Trial Group Honors Chief Justice, Judge

Tennessee Supreme Court Chief Justice Gary Wade and Davidson County Circuit Judge Joe P. Binkley Jr. were recently honored by the Southeastern chapter of the American Board of Trial Advocates (SEABOTA) at its annual conference in Nashville, the Administrative Office of the Courts reports. Chief Justice Wade, of Sevier County, was named the organization’s 2014 Appellate Judge of the Year. SEABOTA also gave special recognition and honorary membership to Judge Binkley of Nashville, a long-time trial attorney in Nashville before beginning his career on the bench. The program featured former U.S. Supreme Court Justice Sandra Day O’Connor and former U.S. Senator Fred Thompson.

Arizona to Offer First B.A. in Law

The University of Arizona will be the first major U.S. university to offer a bachelor of arts degree in law when it launches its program next fall, administrators announced this week. Arizona’s program will differ from the prelaw or legal-studies majors offered by many universities. Those programs tend to focus broadly on the social sciences, while Arizona’s will closely resemble a law school curriculum, with the law classes taught by full-time law school faculty. The program is designed to complement Arizona’s new “3+3” program, which allows students to complete a bachelor's in law and a juris doctor degree within six years, rather than the typical seven. The National Law Journal has more.

Nashville Attorney Announces Run for Mayor

Charles Robert Bone of Nashville’s Bone McAllster Norton PLLC announced today he is running for mayor of Nashville next year. Bone, an attorney, businessman and Democratic Party fund-raiser with strong ties to the city's power base, joins second-term Metro Councilwoman Megan Barry in the campaign to succeed Mayor Karl Dean. He told the Tennessean he'll make a formal announcement and appoint a campaign treasurer "in the coming weeks" and hold an opening event and fund-raiser on June 25.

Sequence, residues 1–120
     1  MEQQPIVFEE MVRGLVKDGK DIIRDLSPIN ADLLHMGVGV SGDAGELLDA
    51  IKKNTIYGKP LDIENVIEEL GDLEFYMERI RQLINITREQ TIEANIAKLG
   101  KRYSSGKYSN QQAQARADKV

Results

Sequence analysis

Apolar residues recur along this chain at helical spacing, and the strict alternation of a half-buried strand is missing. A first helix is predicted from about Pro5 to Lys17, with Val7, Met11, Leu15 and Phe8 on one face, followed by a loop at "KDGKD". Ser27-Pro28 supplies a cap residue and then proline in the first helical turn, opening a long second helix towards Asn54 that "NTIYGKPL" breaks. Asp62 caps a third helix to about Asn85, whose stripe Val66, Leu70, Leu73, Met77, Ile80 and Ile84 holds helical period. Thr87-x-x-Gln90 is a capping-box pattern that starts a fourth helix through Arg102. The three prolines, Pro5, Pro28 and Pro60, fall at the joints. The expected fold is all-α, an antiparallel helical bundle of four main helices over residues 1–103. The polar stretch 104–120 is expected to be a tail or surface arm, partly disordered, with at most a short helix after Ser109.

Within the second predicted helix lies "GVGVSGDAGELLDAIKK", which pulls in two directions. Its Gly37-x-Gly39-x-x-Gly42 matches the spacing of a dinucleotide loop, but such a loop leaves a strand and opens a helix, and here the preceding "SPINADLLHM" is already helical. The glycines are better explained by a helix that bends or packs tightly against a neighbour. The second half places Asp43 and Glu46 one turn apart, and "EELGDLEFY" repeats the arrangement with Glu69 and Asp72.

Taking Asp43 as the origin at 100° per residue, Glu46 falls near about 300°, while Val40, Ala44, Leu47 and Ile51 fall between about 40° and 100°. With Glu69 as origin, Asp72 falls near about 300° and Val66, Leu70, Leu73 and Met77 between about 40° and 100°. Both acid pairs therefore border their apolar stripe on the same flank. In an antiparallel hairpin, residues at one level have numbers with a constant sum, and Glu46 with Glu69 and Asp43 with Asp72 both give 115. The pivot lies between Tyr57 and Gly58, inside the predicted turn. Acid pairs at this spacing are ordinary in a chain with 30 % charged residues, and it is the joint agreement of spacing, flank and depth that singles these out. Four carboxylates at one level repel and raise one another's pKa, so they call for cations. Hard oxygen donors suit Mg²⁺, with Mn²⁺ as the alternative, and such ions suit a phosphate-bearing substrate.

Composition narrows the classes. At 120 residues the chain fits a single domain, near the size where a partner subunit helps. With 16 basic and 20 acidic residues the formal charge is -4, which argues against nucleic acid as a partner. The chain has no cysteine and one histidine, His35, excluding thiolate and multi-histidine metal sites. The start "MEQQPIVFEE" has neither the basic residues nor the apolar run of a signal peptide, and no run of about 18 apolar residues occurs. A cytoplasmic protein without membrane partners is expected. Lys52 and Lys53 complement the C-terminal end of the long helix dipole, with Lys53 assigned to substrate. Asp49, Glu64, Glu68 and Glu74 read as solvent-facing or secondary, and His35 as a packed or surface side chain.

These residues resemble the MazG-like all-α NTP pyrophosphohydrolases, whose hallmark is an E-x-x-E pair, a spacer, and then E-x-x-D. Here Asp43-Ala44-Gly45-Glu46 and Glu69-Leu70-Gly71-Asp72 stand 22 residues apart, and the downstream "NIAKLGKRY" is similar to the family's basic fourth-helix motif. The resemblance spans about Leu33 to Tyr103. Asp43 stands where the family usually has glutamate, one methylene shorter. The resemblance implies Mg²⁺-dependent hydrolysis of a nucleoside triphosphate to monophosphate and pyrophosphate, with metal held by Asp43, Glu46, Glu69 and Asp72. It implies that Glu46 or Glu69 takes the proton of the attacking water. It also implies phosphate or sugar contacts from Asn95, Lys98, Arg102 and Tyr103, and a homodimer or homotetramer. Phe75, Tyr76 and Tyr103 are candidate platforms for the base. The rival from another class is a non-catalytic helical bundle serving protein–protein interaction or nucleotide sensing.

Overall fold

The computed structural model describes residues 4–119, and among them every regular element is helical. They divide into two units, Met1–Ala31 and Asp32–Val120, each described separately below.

Knoxville Attorney Arraigned on Drug Charges

Veteran Knoxville defense attorney Bruce Poston was arraigned today on charges he gave prescription painkillers to the wife of a client, Knoxnews reports. He was arrested last month after a probe by the Tennessee Bureau of Investigation and accused of two counts of delivery of hydrocodone, one count of attempted delivery and driving on a suspended license. Senior Judge Jon Kerry Blackwood set an Oct. 28 trial date.

Lawyer Files Motion to Marry His Laptop

A Tennessee lawyer living in Florida has filed a motion to marry his laptop. The ABA Journal reports that Chris Sevier intervened in a high-profile case involving recognition of same-sex marriages performed elsewhere. Sevier argued that if same-sex couples have the right to marry, Sevier should be permitted to wed his "preferred sexual object," which he describes as a "porn-filled Apple computer," the Broward-Palm Beach New Times reports. Last year, Sevier made headlines when he filed a product liability suit contenting that Apple Inc. was responsible for the pornography addiction that he says resulted when he mistyped a Web address into a MacBook Pro laptop. He made further headlines when he was arrested for allegedly stalking country singer John Rich and a 17-year-old-girl.